For testing, you provide a repository object that works with data stored in a way that you can easily manipulate, such as class variables defined as collections.The following illustration shows the difference between a business-logic class that includes data-access logic without a repository and one that uses a repository.If you didn't complete the earlier tutorials, as a starting point for this tutorial you can download the application that you would have created.You can also download the application that is created by the complete tutorial series.You will begin this tutorial by making two changes to the database, both of which require corresponding changes to the data model that you created in the Getting Started with the Entity Framework and Web Forms tutorials.In one of those tutorials, you made changes in the designer manually to synchronize the data model with the database after a database change.Thanks & regards Hi There, So let me try to understand what you are doing.When you click the edit button on the gridview the dropdown lists are not linked?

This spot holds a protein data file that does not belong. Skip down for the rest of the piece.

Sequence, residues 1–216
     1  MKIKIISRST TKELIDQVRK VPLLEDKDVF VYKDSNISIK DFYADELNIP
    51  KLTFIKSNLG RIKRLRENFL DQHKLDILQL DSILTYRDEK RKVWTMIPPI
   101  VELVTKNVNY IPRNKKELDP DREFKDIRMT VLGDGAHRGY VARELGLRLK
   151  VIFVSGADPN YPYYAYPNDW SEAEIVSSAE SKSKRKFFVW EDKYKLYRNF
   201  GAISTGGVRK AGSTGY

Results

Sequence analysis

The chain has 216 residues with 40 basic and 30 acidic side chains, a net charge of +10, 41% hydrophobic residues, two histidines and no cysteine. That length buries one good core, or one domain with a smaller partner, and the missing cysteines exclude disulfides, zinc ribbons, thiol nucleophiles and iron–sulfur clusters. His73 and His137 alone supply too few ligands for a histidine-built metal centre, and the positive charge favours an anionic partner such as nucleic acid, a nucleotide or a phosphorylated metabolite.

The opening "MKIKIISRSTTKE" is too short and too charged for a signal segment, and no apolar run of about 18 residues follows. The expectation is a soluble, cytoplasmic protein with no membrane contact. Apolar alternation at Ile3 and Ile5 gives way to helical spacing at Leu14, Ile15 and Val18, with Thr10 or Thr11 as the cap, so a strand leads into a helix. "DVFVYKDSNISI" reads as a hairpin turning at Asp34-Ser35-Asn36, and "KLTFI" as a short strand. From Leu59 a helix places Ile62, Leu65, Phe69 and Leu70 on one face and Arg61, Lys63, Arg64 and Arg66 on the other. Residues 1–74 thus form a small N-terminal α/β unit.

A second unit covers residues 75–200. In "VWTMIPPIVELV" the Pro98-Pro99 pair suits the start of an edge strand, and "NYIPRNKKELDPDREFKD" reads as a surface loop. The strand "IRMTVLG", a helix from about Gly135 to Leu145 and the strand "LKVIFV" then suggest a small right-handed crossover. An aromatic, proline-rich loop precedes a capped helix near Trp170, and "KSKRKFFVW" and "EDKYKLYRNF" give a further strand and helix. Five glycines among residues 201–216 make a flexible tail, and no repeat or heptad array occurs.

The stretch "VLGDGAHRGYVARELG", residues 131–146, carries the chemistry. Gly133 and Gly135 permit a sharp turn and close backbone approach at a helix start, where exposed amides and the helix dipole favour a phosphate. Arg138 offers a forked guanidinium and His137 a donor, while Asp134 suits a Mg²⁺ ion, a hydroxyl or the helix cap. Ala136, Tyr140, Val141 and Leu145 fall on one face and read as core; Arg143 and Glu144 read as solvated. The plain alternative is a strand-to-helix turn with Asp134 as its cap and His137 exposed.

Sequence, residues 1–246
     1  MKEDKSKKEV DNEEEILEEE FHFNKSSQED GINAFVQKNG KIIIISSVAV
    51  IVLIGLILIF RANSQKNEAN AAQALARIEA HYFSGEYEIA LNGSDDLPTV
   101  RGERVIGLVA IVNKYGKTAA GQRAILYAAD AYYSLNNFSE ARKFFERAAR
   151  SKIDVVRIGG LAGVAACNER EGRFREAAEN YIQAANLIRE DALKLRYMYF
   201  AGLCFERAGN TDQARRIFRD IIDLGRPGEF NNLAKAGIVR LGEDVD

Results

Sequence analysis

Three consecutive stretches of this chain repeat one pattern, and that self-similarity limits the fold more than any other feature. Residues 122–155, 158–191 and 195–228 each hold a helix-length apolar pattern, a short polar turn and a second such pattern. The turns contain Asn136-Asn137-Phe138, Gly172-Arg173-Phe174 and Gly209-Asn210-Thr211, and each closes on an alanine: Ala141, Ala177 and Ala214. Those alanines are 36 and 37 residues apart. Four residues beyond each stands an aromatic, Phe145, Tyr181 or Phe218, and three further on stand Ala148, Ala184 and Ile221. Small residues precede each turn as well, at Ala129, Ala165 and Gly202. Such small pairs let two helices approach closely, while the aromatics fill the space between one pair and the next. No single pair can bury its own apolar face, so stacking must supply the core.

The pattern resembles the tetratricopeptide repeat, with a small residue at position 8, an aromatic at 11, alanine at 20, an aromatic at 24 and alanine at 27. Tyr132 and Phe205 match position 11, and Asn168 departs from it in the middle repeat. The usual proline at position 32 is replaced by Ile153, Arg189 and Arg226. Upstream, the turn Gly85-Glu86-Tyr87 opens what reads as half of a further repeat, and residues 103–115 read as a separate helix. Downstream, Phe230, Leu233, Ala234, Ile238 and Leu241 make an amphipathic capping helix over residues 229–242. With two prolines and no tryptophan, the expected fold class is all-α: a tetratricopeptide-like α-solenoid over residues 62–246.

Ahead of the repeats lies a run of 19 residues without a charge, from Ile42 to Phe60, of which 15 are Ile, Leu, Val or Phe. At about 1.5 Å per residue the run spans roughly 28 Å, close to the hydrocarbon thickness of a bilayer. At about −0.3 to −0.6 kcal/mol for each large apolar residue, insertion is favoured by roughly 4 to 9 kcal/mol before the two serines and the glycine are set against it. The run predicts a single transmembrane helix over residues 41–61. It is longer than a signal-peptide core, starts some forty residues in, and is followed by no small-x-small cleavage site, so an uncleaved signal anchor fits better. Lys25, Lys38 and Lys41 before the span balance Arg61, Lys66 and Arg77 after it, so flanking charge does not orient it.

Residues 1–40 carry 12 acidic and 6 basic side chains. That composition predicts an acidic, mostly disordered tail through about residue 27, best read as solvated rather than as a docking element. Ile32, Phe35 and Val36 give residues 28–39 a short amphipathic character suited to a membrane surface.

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Hi Sean, My gridview has 3 dropdownlist, when I click the edit button, the all 3 dropdown list are must be in edit mode. Hi Sean, I had posted my code, please refer to my first comment. Anyway, I had put in some sample data into an excel file,please read the attached There are three ways you can work with data in the Entity Framework: . For information about the differences between these workflows and guidance on how to choose the best one for your scenario, see Entity Framework Development Workflows. This lets you combine the advantages of an n-tier approach with the benefits of using a Web Forms control for data access.Like the Getting Started series, this tutorial series uses the ASP. The control gives you more flexibility in other ways as well.In some that includes both business logic and data-access logic.